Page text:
NeuroPace today announced that it has received a $9.3 million National Institutes of Health grant to study Lennox-Gastaut Syndrome treatment.
The NIH — through the Brain Research through Advancing Innovative Neurotechnologies (BRAIN) Initiative — will provide up to $9.3 million over a five-year period to evaluate the use of Mountain View, Calif.-based NeuroPace’s RNS neuromodulation system to treat Lennox-Gastaut Syndrome (LGS).
“LGS is a horrific epilepsy syndrome that develops in very young children and results in daily seizures, frequent seizure emergencies and hospitalizations, and significant developmental delays,” Tracy Dixon-Salazar, executive director of the LGS Foundation, said in a news release. “Most people living with LGS have tried more than a dozen treatments and yet seizures persist and families live life waiting for the next seizure crisis. I am so encouraged by the research being done with the RNS System and am hopeful that this treatment can help LGS families who are in desperate need of better therapies.”
NeuroPace’s RNS system is a brain-responsive neuromodulation system. It has closed-loop technology that delivers personalized, data-driven treatment targeted to the seizure source by continuously monitoring brain activity, recognizing unique seizure patterns and responding in real-time with stimulation to prevent a seizure, according to the company.
The investigational device exemption study will evaluate the neuromodulation device as a therapy option, as well as for continuous monitoring and recording of brain activity to optimize LGS therapy.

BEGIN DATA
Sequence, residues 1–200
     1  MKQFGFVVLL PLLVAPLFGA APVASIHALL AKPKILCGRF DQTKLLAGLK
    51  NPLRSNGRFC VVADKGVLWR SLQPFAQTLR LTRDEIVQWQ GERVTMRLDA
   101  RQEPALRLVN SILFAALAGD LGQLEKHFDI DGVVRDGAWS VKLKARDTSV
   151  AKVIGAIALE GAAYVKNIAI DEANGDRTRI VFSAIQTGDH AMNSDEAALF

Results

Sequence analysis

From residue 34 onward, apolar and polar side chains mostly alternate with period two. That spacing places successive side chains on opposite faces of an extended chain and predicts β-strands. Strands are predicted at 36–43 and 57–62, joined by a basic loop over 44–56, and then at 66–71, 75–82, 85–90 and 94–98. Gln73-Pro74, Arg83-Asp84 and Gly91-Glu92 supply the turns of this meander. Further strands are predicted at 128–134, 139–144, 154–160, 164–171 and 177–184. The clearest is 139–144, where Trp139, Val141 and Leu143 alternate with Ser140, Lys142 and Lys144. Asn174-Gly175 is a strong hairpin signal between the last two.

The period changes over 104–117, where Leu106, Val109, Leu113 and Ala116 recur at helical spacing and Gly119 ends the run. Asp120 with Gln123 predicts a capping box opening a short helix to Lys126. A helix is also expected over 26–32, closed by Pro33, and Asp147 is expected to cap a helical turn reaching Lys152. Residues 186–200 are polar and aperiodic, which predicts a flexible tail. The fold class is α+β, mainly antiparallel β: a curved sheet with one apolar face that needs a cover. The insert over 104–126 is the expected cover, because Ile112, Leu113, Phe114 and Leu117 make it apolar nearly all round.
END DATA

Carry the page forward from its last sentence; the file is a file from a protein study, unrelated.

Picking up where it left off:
Six clinical study sites will enroll 20 patients with LGS and drug-resistant generalized onset seizures. In addition, two other academic sites will create patient-specific maps of brain seizure networks for better insight into how to personalize the treatment for each participant.
“We are pleased that the NIH recognizes the promise of responsive neuromodulation to potentially address the current gap in therapeutic options for patients with debilitating seizure disorders such as LGS,” said NeuroPace chief medical officer Dr. Martha Morrell.
“These recordings obtained directly from the brain in a natural setting will show us what is happening when an LGS seizure starts and spreads,” Morrell said. “We believe that this unprecedented window to the brain will provide us with a deeper understanding of generalized onset seizure networks and help identify biomarkers in the brain that signal when a seizure is about to occur. We’re hopeful that treatment with the RNS System can ultimately improve the lives of patients with LGS and their families, and that what is learned from the brain data can also be applied to treatment of other types of generalized onset seizures.”